Breakin’ up spring vacation for Vail Valley students
Ryan Summerlin October 29, 2009
EAGLE COUNTY – Spring break? Try spring breaks.
Next school year, students in the Eagle County School District will have two vacays instead of the one.
Traditionally, spring break has fallen at the end of March, during one of the busiest weeks of the ski season.
But the district split it up for the 2010-11 school year, pushing one of the vacations back to April, after ski season ends.
“It’s a calendar that, hopefully, is more helpful for families that are involved with or centered around ski mountain operations,” said Wade Hill, chairman of the district’s calendar committee.
He hopes the calendar – which breaks from Monday, April 18, to Friday, April 22 – will be more convenient for parents who work for local restaurants or hold jobs on the mountain.
“What this does is move the spring break outside of the busiest week of the year, which is traditionally the spring break week, and hopefully allow our families to participate in and enjoy a later spring break after the mountain is closed,” Hill said.
From an academic standpoint, the later spring break has pluses as well, he said. Typically, the spring break fell in the middle of standardized testing, Hill said.
The state outlines a five-week window for schools to conduct Colorado Student Assessment Program testing, but the old spring break took up a week of that time, he said.
With the new schedule, the spring vacation will fall after CSAP testing, giving teachers another week during the testing block to conduct testing, Hill said.
While fitting testing into four weeks hasn’t been a big problem in the past, the extra week will give schools more time help students who are absent catch up on make-up tests, Hill said.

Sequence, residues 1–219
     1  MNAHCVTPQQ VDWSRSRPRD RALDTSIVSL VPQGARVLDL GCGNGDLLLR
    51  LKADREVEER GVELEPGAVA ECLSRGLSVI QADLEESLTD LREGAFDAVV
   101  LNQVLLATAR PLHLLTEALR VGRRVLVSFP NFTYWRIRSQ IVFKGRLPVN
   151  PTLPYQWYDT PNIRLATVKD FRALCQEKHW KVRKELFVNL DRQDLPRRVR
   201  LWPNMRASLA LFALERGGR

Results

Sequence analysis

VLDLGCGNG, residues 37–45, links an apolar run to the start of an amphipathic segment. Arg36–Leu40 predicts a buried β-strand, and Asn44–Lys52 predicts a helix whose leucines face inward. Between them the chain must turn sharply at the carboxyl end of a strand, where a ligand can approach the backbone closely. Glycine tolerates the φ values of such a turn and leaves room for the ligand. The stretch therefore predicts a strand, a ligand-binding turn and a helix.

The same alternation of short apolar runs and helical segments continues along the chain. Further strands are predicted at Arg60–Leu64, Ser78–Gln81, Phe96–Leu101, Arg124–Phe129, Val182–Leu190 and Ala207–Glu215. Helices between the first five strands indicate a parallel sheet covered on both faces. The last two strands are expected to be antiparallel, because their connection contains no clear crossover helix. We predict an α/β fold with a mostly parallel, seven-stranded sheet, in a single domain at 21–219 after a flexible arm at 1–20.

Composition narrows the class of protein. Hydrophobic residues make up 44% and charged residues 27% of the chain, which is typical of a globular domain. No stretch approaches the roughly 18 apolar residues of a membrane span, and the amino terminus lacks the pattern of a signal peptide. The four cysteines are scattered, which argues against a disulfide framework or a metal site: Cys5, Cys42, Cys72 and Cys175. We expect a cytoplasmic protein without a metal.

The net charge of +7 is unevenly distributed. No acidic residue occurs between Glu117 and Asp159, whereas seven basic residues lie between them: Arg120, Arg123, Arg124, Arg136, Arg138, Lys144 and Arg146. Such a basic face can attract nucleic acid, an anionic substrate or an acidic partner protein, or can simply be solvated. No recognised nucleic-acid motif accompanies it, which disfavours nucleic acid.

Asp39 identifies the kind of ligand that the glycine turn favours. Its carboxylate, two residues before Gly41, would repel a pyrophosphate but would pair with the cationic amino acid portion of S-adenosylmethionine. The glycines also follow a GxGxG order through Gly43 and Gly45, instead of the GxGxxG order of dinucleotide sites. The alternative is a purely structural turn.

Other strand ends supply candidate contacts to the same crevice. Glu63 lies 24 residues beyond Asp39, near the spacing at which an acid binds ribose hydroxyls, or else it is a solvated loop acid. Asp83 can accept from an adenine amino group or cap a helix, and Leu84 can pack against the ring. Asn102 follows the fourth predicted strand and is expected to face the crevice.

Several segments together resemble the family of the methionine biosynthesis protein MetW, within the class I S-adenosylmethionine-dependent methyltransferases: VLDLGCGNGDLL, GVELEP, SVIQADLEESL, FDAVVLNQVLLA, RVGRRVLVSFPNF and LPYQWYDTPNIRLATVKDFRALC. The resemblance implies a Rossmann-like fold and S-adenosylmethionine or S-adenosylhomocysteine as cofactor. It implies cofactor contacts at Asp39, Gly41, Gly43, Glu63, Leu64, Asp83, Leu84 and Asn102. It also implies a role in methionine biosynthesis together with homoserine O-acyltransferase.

At the same time, the calendar adds a break in February, between the two sports seasons for student athletes, he said. Previously, the March break fell in the middle of third season for sports like wrestling and baseball, making it tough for families to leave town for vacation, Hill said.
“As a high school kid myself, playing baseball, we didn’t go on break because I would miss practices,” he recalled.
The new break – Monday, Feb. 21 to Friday, Feb. 25 – will include Presidents’ Day, which is usually a day off. Along with being more convenient for student athletes, Hill said parents can likely get cheaper airfare because the vacation falls outside the height of spring break season.
With the extra break, the school year will end a few days later – June 8 compared to June 3 for most schools this year, he said. Hill sees that as a good tradeoff, since June weather is often spotty.
This school year’s spring break is Monday, March 22 to Friday, March 26.
The school board this week approved the calendar for the next three school years. Seventy-four percent of the 838 people who took a survey voted in favor of the changes, Hill said. The survey included phone interviews of parents, along with a Web poll of students, parents and staff, he said.
Eagle-Vail parent David Roetzel said he has no qualms with the spring break, but wonders how the dates will match up with private school spring breaks. His son goes to Battle Mountain High School but his daughters go to St. Clare of Assisi Catholic School.
“I guess that would be my one concern: Does it line up with other schools?” he said.
Edward parent Carrie Tedstrom, who has two children at Battle Mountain High School, said the district tried moving the spring break into April when she was on the school board a few years ago.
“It was a lot easier to get hotels and flights and stuff like that when we went on vacation,” she said.
As a part-time ski instructor on Beaver Creek, she likes the idea of holding the break after the ski season, instead of during one of the busiest weeks in March.
“It’s always a little daunting to ask for that off,” she said.
Staff writer Sarah Mausolf can be reached at 970-748-2928 or firstname.lastname@example.org.